Should All Public Buildings Be 100% Smoke Free?

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Campbell Portland, Freelance Writer

Approximatly 15% of all adults smoke, meaning that in a room of 10 people, either one or two of them are feeling the need to smoke. Much discussion occurs relating to rights of smokers and other non-smokers around them, however, no big action has been taken to discourage smoking. All public facilities should be 100% smoke free because smoking in public facilities puts non-smokers at risk of second-hand smoke which is almost as dangerous as smoking itself, causes difficulty cleaning the spaces and reducing the smell of smoke, and promotes the social side of smoking without explaining the dangers.

Smoking indoors in public facilities violates the right of others to feel safe in public facilities because second-hand smoke causes major health issues for non-“active” smokers who were not given the choice of inhaling smoke. There is no risk-free level of exposure to secondhand smoke, and allowing smoking indoors exposes people to smoke without consent. Secondhand smoke causes more than 7,300 lung cancer deaths among U.S. nonsmokers each year. These are only the lung cancer deaths of those who chose not to smoke, and the selfish behavior of smokers damaged their lungs and caused their deaths. According to the CDC, non-smokers who are exposed to secondhand smoke at home or at work also increase their risk of developing heart disease by 25–30%. Second-hand smoke lingers for up to 5 hours after the last smoked cigarette. This means that anyone in the public facility for the next few hours is having toxic chemicals enter their body without their knowledge or consent. So even if a person is walking through a mall that allows smoking hours after the last smoker walked through, they will experience effects of secondhand smoke even though they never knew of a smoker there before them. 

Public facilities already take hours for nightly cleanings, and cleaning staff are already overworked and underpaid, however, having public facilities with smoking allowed creates a major cleaning problem because of the lingering smell and chemicals and surfaces and objects. Thirdhand smoke is the contamination of the air and surfaces after a cigarette is put out and can linger on clothes for days if not properly cleaned, and any public facility like a mall would have many goods like clothes and other commercial products that would not be sellable because of a severe smoky smell. In addition to clothes getting contaminated by smokers, to get the smell of smoke off of chairs, tables, and even walls, water just won’t do, and vinegar is required to be sprayed and left on for an hour before wiping and drying the surface. Cleaning times could double or triple and cleaners would have to spend even more time cleaning up after people who don’t take enough thought to care about their messes. To clean the air building’s ventilation systems would need to be adapted or else the air would be full of toxins and chemicals as well as smelling smoky. Public facilities should not have to focus time on making sure that air is filtering, it is much easier to go 100% smoke-free.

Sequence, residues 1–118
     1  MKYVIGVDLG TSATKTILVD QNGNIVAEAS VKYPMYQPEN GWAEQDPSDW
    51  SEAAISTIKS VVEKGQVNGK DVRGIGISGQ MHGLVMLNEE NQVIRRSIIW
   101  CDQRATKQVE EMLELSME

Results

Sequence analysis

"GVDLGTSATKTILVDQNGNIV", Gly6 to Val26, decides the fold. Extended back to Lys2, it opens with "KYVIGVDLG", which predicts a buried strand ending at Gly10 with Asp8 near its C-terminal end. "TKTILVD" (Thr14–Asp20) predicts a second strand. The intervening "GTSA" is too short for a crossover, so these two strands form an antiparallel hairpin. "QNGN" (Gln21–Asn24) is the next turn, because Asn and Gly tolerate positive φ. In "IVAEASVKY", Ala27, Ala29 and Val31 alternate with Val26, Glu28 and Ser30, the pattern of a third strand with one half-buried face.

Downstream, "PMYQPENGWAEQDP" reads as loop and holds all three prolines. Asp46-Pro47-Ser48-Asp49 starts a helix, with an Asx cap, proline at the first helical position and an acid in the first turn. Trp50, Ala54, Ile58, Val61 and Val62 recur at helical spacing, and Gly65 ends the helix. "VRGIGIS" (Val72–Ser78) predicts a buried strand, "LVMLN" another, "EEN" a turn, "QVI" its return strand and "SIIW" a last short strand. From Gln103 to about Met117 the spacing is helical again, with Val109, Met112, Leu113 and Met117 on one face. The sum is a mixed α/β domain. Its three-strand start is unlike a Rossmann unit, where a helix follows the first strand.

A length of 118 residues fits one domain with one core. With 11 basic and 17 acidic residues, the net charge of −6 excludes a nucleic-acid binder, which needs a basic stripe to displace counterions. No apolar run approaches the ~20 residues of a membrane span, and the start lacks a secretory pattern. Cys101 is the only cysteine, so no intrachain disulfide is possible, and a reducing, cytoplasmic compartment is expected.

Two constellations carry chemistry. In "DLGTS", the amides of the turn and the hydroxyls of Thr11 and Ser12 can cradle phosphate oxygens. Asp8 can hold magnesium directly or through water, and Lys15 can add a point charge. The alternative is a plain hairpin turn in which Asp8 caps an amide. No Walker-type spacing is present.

The social side of smoking meaning the chats, hangouts, and time off of work are large draws to new smokers. Allowing smoking in public facilities promotes that lifestyle without reminding people of the dangers of smoking. According to one 2009 study conducted by the World Health Organization, at least one-third of all cigarettes smoked are smoked by people in social situations, and many smokers, when seeing other people smoking, are more likely to smoke themselves. In recent surveys from the United Kingdom, smokers often view socialization as one of their main reasons for smoking, something that is especially true for smokers under the age of 35. Even “social smokers,” who might not otherwise smoke on their own, often do so in public situations as a way of blending in with the crowd. Smoking in social situations allows for the potential harms of smoking including higher risk for a variety of cancers, risk of heart disease, addiction to nicotine, and yellowing teeth and nails to be forgotten or put aside for a more comfortable social experience. 

All public facilities should be 100% smoke free because it puts secondhand smokers at risk, makes public facilities much harder to clean, and promotes the social side of smoking without stating the risks. In the past few years not much change has occurred on the topic of smoking, and though most public buildings are prohibiting smokers for smoking indoors, only after all public facilities take action and prohibit smoking will smokers be forced to think twice before lighting up what could be their last cigarette. A majority of people do not smoke and have made the healthier decision to avoid smoking, however, allowing smokers to smoke in public facilities sacrifices the right to choose what is getting put into your lungs as a non-smoker and allows people to fuel their addiction to nicotine while destroying their bodies.